Review: Tales From Space: Mutant Blobs Attack (360/PS3)

In 1958, an independently produced horror movie called The Blob was released. Featuring an alien monster that grew in size as it devoured things with its gelatinous body, the film became one of the cornerstones of the campy horror films of the ’50s. As we watch the people of Downington run and scream from the monster, we can’t help but think how The Blob feels. Perhaps he’s clingy, perhaps he’s lonely, perhaps he’s just looking for a friend. Drinkbox let us dive into the mind of an insatiably hungry movie monster with their indie hit Tales From Space: Mutant Blobs Attack. After being reserved for Vita and PC since 2012, PS3 and 360 owners can finally get a chance to see through the eyes of a monster bent on human destruction. Tales From Space: Mutant Blobs Attack is clever and charming, and though it has its share of control and longevity problems, it’s still a fun way to tear humanity a new one.

In Mutant Blobs Attack, you play as a blob that has been contained within a laboratory by scientists, who have captured hundreds of other space blobs as experimental research. After succumbing to a number of experiments, your mutant blob character is able to escape the prison and gradually gain strength and size by absorbing things in the environment. As you slowly move from tiny blob to Blobzilla, you must also find your fellow blobs, which’ve been lost during the escape. In classic Drinkbox tradition, the game rarely takes itself seriously, with wacky animations from the humans and plenty of not-so-subtle references to internet memes and other indie games. The game oozes charm with its aesthetic, constantly making you laugh, especially when you’re absorbing scientists as they scream in terror. Drinkbox has always capitalized on their sense of humor, and Mutant Blobs Attack is another funny outing from the indie studio.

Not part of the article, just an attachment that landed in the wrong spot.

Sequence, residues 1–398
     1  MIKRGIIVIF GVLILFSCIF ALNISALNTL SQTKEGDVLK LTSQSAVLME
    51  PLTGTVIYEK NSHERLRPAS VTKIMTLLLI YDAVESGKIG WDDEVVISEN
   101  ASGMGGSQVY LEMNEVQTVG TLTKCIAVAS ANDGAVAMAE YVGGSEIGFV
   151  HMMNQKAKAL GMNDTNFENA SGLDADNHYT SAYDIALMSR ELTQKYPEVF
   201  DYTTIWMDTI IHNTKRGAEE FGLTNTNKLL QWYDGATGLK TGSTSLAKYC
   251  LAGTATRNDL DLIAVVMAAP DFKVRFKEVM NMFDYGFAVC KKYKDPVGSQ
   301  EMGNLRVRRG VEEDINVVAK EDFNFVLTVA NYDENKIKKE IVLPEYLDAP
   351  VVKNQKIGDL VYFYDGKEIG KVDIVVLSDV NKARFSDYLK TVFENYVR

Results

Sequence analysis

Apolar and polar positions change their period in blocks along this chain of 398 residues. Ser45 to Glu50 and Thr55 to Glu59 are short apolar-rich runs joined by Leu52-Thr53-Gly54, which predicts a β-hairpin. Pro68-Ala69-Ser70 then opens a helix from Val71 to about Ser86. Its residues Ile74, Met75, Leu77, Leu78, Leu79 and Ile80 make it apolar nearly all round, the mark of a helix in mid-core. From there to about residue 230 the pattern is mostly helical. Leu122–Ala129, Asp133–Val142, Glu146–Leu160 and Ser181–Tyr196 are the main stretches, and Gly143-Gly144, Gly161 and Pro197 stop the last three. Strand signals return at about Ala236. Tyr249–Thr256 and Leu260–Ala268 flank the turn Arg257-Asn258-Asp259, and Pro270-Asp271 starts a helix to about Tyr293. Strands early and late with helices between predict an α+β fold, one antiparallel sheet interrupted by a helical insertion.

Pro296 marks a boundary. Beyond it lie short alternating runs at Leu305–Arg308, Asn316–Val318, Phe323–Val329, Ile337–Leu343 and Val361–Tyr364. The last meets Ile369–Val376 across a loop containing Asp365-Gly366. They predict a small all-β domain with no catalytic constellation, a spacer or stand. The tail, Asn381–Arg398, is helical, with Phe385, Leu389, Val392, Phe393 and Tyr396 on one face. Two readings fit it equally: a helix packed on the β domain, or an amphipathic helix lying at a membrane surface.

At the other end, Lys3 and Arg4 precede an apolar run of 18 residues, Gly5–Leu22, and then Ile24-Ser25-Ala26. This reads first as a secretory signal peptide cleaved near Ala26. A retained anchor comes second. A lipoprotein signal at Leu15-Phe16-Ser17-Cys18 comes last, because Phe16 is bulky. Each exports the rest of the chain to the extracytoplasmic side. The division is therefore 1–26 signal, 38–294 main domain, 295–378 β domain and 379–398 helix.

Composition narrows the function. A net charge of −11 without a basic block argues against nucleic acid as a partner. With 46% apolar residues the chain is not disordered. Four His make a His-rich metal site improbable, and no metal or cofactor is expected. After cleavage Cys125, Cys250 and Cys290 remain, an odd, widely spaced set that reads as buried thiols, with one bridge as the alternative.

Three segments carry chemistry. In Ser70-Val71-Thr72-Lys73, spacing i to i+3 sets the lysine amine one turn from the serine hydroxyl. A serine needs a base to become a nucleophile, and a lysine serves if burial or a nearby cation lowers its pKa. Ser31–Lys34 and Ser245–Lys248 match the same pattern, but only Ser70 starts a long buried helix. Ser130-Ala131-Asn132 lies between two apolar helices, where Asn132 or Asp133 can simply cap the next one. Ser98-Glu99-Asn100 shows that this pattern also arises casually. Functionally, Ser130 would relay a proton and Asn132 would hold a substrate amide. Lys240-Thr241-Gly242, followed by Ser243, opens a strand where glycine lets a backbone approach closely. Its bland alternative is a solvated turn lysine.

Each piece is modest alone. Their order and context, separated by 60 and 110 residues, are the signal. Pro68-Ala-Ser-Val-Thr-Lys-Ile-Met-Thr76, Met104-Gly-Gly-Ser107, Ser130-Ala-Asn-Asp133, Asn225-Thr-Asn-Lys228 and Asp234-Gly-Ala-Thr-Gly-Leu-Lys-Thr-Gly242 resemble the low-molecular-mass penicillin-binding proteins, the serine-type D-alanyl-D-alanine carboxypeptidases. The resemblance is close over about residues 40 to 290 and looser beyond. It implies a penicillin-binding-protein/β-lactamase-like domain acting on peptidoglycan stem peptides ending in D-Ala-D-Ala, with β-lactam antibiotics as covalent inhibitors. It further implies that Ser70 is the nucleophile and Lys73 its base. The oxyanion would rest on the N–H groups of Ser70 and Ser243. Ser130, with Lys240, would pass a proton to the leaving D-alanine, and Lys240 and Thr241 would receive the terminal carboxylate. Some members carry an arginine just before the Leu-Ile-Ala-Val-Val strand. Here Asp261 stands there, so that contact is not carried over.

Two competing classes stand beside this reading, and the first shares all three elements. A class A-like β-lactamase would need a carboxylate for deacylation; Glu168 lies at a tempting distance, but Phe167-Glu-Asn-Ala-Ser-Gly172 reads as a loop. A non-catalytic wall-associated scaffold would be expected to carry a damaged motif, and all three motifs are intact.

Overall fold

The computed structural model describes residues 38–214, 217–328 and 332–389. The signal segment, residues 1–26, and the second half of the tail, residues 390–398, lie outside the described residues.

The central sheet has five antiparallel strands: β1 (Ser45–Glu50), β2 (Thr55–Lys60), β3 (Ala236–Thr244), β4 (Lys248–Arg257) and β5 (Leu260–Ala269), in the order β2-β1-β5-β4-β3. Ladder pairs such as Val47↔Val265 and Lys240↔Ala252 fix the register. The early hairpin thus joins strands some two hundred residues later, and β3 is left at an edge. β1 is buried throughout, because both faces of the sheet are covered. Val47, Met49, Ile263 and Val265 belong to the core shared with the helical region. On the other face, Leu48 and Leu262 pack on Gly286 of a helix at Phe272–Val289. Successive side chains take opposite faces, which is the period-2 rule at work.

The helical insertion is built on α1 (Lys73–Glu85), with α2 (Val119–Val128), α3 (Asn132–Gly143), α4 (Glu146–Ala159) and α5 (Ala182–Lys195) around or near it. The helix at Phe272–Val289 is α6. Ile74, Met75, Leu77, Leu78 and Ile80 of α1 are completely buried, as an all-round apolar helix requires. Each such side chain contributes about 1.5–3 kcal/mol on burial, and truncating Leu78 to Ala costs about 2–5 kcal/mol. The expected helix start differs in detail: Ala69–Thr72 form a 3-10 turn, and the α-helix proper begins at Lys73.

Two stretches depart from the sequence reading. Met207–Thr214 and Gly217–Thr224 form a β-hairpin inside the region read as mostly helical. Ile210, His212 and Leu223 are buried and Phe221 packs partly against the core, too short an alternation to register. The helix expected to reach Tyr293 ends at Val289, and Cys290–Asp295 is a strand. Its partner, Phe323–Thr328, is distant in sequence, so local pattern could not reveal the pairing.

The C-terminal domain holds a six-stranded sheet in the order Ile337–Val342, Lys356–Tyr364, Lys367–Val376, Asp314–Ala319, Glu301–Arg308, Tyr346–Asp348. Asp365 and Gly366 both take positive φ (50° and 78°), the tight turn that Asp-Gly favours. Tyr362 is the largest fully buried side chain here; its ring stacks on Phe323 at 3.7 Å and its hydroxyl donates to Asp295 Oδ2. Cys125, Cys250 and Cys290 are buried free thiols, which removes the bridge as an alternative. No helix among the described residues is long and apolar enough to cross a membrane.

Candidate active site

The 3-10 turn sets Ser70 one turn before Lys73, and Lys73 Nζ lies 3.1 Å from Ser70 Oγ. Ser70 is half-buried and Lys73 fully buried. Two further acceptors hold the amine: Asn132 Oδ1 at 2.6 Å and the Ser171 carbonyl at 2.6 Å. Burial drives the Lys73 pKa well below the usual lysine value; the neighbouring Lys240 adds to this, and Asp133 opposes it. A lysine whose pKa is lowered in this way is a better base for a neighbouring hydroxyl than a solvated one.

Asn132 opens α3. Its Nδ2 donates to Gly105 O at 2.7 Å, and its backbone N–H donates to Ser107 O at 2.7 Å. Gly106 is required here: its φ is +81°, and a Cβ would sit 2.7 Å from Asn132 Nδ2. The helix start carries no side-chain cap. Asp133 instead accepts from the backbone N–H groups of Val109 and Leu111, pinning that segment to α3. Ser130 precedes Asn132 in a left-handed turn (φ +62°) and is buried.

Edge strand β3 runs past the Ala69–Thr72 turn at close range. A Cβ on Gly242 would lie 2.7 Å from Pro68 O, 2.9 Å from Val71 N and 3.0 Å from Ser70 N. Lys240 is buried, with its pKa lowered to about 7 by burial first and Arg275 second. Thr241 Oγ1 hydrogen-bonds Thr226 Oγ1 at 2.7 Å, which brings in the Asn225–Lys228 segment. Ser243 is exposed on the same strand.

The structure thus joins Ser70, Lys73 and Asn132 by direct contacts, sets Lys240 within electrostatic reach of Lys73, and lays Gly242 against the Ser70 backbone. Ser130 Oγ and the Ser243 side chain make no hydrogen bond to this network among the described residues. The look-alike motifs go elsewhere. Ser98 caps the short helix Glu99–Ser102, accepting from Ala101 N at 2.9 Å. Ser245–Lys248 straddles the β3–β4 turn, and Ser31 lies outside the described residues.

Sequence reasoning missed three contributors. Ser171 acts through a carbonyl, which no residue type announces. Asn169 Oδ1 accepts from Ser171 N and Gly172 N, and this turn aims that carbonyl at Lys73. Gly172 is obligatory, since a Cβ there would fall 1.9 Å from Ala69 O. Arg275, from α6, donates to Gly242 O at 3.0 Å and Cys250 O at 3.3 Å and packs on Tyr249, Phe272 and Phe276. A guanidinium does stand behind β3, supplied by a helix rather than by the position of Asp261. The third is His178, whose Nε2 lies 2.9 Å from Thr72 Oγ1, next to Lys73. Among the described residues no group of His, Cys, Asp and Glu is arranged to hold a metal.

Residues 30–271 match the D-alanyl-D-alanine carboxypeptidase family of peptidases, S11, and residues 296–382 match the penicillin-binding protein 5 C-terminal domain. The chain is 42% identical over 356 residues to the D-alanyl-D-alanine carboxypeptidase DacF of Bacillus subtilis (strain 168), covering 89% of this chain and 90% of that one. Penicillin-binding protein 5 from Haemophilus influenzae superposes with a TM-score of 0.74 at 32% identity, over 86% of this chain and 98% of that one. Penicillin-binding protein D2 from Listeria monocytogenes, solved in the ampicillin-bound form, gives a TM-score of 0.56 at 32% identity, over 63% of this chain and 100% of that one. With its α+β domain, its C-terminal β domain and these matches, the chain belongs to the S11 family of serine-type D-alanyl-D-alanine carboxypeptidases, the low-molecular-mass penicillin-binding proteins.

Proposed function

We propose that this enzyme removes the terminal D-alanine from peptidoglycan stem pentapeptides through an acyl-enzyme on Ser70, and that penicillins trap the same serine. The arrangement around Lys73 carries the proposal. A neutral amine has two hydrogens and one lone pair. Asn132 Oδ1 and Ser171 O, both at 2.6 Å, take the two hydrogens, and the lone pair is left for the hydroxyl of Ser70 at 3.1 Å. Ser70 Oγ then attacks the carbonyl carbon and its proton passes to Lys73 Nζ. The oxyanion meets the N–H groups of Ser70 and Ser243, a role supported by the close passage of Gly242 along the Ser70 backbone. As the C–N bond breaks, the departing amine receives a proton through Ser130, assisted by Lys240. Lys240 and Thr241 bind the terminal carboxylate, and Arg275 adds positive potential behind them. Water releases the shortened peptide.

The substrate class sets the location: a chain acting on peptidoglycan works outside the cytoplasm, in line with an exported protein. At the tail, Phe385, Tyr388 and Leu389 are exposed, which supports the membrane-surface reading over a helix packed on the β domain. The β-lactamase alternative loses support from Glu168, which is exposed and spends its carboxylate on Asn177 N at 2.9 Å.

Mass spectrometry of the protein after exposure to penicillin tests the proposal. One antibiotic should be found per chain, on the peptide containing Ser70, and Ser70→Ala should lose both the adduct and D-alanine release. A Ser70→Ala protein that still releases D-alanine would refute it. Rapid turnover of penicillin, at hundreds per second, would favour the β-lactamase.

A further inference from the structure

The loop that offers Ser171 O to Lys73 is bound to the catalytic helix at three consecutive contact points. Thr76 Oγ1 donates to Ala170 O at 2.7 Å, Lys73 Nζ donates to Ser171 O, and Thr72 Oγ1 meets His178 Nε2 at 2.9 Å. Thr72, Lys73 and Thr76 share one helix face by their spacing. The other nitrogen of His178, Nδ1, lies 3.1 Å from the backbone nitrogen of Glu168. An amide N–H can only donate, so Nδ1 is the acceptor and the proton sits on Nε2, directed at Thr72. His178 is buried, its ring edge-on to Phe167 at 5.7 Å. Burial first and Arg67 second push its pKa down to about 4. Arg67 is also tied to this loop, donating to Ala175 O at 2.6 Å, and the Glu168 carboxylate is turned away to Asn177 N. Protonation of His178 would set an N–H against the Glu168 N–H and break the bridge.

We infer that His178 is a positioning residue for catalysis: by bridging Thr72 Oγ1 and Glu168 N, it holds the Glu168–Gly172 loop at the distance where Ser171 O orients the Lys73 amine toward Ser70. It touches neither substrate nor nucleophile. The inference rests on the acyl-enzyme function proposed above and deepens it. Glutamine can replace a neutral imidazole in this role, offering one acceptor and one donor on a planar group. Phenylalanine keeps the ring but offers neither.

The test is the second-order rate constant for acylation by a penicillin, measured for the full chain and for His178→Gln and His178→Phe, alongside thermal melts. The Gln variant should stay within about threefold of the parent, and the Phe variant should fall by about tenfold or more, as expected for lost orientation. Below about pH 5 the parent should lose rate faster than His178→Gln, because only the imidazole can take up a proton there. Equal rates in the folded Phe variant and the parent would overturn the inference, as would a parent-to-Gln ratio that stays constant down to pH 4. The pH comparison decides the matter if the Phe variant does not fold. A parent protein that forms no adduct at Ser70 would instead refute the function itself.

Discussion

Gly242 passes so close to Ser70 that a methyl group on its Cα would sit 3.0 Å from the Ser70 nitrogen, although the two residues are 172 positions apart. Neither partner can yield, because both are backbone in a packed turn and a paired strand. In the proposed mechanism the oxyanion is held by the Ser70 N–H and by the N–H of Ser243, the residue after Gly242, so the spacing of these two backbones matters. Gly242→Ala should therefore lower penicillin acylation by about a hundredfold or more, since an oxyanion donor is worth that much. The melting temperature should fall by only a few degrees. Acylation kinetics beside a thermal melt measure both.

Controlling the blob is pretty easy overall. You can move, jump, and wall jump with ease, even if the physics can feel rather wonky in busier stages. You can also dash downward with the circle button in mid-air. As a mutated alien blob, you also have a few special abilities to use. You can use magnetism to cling to or repel away from metal surfaces, slide into tight spaces with your gelatinous form, and even use special rays to become a floating blob bubble (which opens up a whole new gameplay style more like a side-scrolling shooter). It’s nothing too complex, which is good, because many levels require you to be crafty with the jumps. While it’s certainly not frustratingly difficult, some levels demand more precision than necessary, cutting the pace down a bit and limiting the momentum.